At its lowest level Boat Horse Lane yields to Church Lane, a winding hawthorn-lined track that climbs up to Goldenhill village.
At the head of Church Lane is the parish church of St John built in the Norman style in 1840 in the Liberty of Oldcott to the service of a growing community that was turning from farming to industry. So rural were the aspects then that the village of Goldenhill didn’t become recognised until boundary changes were effected in the 1880’s. Like Line Houses it was a village that grew from an encampment and was transferred for a short time in 1904 to the council of Kidsgrove for civil purposes.
In its heyday though, it was a small town with long stretches of shops paraded along its narrow high street. There were drapers and chemists, tobacconists and plumbers, newsagents and grocers and fish and chip shops. Here were a midwife and an undertaker trading side by side. In Red Lion Square there were tram sheds and a bus depot, in fact there were three bus depots in Goldenhill – PMT, Stoniors and Jeffries – imagine a village with three bus companies?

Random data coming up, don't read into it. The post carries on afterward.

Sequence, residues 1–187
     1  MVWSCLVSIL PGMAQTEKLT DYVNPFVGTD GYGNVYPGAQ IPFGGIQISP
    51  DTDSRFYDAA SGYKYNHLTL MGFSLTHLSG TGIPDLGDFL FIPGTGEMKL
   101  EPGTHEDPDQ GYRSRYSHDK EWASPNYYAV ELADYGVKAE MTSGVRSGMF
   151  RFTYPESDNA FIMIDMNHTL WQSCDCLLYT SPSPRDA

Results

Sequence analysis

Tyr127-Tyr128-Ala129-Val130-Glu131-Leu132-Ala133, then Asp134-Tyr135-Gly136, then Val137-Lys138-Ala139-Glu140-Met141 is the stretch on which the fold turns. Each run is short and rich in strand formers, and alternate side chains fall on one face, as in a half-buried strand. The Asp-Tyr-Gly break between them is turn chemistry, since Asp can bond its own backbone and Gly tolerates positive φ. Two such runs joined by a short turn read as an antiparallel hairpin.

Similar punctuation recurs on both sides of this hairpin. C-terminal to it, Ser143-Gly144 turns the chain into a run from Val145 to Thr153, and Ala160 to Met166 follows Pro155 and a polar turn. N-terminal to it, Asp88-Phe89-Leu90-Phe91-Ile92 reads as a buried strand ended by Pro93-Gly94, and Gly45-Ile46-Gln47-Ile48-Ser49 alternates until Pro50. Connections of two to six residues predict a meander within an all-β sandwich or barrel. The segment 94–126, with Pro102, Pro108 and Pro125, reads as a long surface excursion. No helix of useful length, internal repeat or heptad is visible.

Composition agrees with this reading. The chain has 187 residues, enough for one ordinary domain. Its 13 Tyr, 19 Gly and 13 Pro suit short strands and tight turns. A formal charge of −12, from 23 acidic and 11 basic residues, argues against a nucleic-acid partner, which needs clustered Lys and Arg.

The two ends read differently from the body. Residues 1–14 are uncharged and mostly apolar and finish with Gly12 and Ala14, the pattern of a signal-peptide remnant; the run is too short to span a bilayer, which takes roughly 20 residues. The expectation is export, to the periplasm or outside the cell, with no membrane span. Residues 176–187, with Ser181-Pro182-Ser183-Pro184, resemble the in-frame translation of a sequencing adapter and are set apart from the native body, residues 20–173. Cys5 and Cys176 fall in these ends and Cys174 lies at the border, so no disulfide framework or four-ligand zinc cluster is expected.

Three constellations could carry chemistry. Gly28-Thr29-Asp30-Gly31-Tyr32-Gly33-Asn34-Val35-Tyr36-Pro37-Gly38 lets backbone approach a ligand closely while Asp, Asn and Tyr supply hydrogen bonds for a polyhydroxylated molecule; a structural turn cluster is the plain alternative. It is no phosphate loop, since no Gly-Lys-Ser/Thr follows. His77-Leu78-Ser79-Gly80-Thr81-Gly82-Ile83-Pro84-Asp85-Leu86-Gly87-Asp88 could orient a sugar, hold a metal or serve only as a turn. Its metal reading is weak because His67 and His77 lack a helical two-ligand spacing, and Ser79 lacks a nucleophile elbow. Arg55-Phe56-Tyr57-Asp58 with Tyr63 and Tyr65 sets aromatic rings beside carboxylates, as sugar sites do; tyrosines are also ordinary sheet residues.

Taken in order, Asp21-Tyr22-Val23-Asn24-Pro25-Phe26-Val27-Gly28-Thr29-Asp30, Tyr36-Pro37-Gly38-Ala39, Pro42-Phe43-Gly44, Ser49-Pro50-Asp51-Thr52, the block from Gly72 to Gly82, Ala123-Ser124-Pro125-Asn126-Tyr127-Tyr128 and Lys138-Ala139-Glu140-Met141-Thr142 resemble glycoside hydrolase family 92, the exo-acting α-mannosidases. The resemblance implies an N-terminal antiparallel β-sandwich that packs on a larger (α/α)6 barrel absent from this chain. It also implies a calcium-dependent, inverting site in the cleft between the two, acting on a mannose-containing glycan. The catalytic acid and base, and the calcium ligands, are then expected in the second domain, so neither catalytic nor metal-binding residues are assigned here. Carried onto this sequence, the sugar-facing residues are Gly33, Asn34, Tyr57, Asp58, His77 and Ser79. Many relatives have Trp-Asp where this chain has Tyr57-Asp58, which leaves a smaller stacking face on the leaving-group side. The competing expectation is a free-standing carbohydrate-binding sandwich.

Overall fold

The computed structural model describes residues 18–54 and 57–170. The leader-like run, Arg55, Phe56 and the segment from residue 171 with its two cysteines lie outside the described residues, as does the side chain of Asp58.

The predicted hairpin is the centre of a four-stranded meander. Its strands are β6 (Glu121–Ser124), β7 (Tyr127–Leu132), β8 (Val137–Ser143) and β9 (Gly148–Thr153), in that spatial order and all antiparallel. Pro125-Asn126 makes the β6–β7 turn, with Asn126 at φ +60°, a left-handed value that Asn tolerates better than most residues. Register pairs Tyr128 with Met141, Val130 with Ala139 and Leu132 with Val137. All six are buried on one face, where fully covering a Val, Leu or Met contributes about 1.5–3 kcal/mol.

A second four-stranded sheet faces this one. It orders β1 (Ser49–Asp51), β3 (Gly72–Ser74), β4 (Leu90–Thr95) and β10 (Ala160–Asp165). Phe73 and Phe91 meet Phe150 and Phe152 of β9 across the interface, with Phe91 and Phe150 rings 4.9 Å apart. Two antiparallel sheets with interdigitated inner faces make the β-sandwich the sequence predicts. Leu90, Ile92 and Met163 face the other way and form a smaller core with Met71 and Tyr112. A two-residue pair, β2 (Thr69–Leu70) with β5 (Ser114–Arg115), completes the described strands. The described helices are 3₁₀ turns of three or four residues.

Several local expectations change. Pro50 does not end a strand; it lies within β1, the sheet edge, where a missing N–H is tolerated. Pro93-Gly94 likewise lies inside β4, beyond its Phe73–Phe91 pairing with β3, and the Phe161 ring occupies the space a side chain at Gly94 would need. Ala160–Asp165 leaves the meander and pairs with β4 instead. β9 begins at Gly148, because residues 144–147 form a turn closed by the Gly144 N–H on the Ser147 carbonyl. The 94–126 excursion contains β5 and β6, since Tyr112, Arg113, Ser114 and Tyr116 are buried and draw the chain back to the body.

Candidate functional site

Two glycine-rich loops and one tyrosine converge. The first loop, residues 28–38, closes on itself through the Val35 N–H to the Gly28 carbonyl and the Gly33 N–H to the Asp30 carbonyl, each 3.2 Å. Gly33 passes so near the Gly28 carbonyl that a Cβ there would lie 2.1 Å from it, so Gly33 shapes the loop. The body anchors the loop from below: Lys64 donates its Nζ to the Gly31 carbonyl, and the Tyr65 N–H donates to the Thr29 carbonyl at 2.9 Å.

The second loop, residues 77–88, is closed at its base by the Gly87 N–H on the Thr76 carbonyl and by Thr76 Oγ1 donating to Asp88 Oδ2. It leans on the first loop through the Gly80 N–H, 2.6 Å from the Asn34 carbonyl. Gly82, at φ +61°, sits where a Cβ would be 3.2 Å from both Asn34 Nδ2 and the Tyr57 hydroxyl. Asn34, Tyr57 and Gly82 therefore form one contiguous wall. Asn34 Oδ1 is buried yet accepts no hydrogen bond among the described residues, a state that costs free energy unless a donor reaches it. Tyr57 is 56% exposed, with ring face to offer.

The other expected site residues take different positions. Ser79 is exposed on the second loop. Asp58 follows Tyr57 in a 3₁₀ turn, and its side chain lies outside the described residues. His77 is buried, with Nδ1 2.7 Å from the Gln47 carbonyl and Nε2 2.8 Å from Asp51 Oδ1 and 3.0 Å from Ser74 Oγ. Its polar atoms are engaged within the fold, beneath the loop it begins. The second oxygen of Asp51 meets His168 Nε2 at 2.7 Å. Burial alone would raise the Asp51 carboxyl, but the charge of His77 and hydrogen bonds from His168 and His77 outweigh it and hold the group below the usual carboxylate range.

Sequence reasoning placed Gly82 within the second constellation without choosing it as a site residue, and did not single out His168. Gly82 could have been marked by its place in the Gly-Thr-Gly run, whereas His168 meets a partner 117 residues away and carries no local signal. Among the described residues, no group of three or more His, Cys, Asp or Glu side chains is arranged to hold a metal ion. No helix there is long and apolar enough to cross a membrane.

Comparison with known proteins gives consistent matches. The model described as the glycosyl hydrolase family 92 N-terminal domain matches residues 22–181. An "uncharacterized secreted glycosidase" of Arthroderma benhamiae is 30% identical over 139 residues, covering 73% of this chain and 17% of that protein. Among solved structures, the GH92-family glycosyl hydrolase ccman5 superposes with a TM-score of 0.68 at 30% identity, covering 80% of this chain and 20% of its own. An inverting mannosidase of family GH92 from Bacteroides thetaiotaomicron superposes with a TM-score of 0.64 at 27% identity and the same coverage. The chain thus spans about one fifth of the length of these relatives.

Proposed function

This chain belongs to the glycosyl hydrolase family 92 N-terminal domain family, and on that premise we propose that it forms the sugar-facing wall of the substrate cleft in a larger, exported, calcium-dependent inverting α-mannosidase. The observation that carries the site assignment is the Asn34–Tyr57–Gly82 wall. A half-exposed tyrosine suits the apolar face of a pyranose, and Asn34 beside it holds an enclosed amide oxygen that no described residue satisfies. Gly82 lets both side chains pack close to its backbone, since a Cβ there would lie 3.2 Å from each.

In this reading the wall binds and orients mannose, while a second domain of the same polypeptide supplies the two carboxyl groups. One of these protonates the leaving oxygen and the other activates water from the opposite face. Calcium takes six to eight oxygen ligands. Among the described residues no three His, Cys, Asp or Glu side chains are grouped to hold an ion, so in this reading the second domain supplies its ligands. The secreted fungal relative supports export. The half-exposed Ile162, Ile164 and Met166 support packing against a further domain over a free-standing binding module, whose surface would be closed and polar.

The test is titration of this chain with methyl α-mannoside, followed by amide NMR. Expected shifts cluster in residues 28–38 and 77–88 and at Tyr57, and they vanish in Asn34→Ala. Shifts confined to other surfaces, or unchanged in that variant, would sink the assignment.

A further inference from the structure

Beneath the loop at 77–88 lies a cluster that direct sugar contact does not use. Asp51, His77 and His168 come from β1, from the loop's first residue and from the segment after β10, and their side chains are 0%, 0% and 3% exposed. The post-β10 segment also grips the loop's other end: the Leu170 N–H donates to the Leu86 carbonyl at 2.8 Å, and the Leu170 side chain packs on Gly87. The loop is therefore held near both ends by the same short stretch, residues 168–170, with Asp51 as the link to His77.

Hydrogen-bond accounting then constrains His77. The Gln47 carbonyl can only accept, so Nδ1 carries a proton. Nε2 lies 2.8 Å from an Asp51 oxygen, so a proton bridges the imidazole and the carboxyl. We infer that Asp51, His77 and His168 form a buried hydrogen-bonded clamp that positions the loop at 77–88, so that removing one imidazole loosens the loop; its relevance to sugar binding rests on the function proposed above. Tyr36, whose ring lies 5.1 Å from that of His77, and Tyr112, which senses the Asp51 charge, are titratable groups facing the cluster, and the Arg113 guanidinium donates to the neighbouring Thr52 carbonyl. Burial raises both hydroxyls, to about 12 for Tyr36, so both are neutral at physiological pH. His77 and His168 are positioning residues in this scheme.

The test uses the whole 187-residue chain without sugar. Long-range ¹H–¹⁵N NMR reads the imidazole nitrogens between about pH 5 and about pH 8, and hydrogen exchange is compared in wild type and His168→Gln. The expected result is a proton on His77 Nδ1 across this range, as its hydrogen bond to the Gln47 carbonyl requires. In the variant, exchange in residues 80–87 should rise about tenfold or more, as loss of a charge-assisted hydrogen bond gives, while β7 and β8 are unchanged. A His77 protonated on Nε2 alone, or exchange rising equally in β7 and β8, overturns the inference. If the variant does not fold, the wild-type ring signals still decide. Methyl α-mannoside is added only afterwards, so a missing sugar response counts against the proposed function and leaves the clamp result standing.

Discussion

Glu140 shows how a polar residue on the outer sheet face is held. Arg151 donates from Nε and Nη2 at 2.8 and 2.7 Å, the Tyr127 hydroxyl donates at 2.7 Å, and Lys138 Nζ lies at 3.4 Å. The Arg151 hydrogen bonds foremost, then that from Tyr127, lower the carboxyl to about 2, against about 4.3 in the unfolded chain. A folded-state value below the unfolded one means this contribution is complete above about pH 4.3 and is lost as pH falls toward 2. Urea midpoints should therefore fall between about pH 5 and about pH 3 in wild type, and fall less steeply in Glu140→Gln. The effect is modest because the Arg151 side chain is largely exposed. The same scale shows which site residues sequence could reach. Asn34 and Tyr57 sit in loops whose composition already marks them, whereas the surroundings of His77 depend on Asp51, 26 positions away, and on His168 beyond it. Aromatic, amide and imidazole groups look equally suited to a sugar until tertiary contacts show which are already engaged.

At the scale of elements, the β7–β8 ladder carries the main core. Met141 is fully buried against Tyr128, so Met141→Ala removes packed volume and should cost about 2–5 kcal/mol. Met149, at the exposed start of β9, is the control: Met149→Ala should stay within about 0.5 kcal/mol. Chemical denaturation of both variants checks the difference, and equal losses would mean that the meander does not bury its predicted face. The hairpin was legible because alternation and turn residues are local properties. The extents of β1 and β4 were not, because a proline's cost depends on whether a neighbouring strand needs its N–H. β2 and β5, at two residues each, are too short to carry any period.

Below St John’s church was a bakery which in later years became TICO Bakery famed throughout North Staffordshire for its pasties.
St. John the Evangelist,
The Tiko bakery in
Elgood Lane, Goldenhill
At the church I meet caretaker Tony Downes. He’s been with the congregation for 53 years and knows more than anyone about his church and its patrons past and present. He tells me the church’s foundation stone was laid by Sarah Smith Child who received Anglican baptism by Cardinal John Newman before his canonisation by Pope Leo XIII.
He mentions the Gilbert family, head teachers and leaders of the flock, Harry Gilbert junior who drowned in the sea at Blackpool at the age of 31. As Tony reflects wistfully on the past I ask him what size the congregation is today. He moves his head owlishly: “Not very many. I should say on a good Sunday about thirty but only for a morning service.” Days of glory gone I muse.
There aren’t as many people now in Goldenhill and the community character has wilted. About twenty years ago the council made its last demolition visit and removed the heart of the old terraces and shops.
According to Terry they’d promised to build a new shopping precinct and housing development in place of the central back-to-backs but instead they sanctioned the erection of a residential estate for the elderly. Terry and others are still waiting for the council’s promised regeneration programme but they have resigned themselves that it will never happened.